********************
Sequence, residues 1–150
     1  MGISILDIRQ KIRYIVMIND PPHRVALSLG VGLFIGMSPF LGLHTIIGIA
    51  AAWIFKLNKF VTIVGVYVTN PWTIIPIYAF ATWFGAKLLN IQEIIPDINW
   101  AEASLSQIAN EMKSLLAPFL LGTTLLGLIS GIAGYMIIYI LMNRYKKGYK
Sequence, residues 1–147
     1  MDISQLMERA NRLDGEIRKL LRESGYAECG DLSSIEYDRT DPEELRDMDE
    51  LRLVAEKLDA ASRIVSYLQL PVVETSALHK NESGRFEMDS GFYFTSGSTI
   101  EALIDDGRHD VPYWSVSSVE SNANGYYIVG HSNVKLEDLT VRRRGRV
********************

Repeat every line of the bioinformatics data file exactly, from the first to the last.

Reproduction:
Sequence, residues 1–150
     1  MGISILDIRQ KIRYIVMIND PPHRVALSLG VGLFIGMSPF LGLHTIIGIA
    51  AAWIFKLNKF VTIVGVYVTN PWTIIPIYAF ATWFGAKLLN IQEIIPDINW
   101  AEASLSQIAN EMKSLLAPFL LGTTLLGLIS GIAGYMIIYI LMNRYKKGYK
Sequence, residues 1–147
     1  MDISQLMERA NRLDGEIRKL LRESGYAECG DLSSIEYDRT DPEELRDMDE
    51  LRLVAEKLDA ASRIVSYLQL PVVETSALHK NESGRFEMDS GFYFTSGSTI
   101  EALIDDGRHD VPYWSVSSVE SNANGYYIVG HSNVKLEDLT VRRRGRV